The E-Reference Library

Part of my library. Copyright: Hamzeh Karbasi www.flickr.com
Part of my library. Copyright: Hamzeh Karbasi http://www.flickr.com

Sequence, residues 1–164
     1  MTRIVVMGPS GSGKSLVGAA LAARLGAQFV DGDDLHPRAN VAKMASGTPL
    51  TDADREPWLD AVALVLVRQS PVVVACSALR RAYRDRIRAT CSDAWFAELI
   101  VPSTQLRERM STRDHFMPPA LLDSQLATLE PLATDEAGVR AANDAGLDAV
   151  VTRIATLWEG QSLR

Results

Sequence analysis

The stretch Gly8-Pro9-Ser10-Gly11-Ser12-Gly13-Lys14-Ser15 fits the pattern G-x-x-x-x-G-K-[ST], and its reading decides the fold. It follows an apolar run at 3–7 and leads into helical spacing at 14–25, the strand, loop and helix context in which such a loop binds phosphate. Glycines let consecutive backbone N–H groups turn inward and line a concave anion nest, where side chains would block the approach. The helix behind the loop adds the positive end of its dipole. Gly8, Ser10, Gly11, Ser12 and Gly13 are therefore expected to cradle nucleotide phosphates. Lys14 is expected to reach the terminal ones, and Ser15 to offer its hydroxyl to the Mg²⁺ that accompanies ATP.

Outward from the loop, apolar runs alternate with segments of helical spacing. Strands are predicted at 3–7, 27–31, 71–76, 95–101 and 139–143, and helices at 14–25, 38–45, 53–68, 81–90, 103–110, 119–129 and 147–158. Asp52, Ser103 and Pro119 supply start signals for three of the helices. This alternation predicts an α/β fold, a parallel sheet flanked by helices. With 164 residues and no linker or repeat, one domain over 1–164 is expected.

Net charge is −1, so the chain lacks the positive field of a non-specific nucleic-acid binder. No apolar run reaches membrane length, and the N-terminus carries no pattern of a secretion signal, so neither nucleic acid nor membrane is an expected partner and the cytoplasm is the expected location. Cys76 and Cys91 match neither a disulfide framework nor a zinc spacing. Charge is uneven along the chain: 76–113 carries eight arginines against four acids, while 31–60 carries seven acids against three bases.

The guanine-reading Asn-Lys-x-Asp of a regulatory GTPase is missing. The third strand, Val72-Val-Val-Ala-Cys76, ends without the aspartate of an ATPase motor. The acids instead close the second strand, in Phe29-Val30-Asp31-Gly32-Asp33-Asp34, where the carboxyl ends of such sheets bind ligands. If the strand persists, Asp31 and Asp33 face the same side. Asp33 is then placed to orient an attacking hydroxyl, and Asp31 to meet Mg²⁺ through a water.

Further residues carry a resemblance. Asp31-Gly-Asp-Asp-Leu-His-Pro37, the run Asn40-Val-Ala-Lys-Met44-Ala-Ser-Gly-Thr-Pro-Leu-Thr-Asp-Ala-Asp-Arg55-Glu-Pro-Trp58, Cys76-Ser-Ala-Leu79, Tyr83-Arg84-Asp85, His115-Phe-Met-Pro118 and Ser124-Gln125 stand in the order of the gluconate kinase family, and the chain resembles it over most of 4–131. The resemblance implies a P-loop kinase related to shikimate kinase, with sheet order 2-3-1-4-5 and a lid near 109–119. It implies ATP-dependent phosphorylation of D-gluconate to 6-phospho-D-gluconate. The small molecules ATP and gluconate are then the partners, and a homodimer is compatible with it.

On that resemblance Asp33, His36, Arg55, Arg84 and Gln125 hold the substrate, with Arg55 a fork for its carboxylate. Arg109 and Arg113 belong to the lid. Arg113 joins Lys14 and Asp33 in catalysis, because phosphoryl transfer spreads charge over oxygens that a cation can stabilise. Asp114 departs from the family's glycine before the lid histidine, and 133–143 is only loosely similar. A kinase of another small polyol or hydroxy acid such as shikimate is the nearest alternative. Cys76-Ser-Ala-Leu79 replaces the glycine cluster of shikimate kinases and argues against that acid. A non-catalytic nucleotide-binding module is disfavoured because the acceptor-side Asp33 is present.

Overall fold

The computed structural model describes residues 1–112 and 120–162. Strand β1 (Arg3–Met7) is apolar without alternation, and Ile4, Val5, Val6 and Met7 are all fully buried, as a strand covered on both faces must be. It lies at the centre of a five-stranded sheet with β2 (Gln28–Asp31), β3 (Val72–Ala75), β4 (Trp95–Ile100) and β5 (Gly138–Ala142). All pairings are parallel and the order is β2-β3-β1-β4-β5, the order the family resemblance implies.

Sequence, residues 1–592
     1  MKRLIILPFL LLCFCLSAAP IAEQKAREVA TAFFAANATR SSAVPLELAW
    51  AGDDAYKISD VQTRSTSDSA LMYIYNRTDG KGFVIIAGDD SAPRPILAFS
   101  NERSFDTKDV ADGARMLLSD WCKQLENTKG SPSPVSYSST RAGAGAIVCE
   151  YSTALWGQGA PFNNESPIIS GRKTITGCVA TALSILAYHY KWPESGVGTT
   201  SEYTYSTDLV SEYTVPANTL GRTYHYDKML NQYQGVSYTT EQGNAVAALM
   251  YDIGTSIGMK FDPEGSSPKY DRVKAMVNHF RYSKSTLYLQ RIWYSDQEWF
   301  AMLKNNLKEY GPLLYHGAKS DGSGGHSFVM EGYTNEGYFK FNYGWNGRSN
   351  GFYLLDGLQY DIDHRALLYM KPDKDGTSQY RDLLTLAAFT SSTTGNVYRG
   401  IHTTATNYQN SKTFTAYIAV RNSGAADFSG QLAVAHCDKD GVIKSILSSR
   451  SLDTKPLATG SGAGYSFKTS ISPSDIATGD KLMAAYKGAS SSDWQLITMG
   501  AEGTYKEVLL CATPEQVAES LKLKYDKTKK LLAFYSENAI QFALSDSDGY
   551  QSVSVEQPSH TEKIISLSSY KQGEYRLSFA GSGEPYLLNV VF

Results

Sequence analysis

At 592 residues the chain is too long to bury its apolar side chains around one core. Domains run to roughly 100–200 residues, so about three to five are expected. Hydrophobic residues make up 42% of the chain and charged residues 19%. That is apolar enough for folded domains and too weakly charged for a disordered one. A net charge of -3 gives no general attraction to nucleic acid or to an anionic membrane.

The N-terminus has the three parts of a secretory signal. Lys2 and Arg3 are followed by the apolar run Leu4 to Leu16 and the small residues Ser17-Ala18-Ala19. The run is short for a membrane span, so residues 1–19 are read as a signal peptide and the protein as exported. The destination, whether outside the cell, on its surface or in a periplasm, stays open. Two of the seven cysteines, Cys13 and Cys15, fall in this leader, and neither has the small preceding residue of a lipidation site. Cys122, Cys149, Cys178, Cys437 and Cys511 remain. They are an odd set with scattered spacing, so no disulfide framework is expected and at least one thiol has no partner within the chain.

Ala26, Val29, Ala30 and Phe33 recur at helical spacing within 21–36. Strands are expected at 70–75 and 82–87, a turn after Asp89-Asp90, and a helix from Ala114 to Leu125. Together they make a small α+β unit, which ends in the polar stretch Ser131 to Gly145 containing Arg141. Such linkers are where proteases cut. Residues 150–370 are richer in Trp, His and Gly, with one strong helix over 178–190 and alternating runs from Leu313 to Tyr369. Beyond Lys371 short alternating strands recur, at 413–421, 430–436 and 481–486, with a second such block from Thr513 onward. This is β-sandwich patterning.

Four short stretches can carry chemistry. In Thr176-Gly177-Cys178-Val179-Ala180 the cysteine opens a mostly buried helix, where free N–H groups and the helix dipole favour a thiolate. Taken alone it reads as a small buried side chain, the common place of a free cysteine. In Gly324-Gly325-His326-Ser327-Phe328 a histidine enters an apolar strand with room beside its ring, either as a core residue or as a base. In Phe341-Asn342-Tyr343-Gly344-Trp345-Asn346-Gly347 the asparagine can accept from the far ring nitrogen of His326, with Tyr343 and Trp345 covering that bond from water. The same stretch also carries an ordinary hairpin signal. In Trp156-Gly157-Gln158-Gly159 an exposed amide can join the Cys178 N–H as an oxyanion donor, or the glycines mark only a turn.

There is a lot of debate currently about the respective merits of books in hard copy and electronic format but what cannot be questioned is the value of the electronic reference book. From your desktop you can now access the equivalent of  several shelves of reference works like the ones depicted in the photograph.  If you need to check the spelling of a word, you can consult the Oxford English Dictionary and find that you’ll be tempted to browse for a while to check how your word’s meaning has changed through time. If it is biographical information you are searching for, the Oxford Dictionary of National Biography will provide the answer if  you need to find out about  a deceased British subject or a person who has influenced British history. Among the subject specific works you will discover many social science and humanities titles.  The Sage collection includes the encyclopedias of children, adolescents and the media; social science research methods and even murder.  Among the Oxford Digital Reference titles are works on decorative and performance arts, British and American literature; linguistics and economic history. Take a look at the Library’s e-Books webpage and find out exactly how many reference works are available to you.

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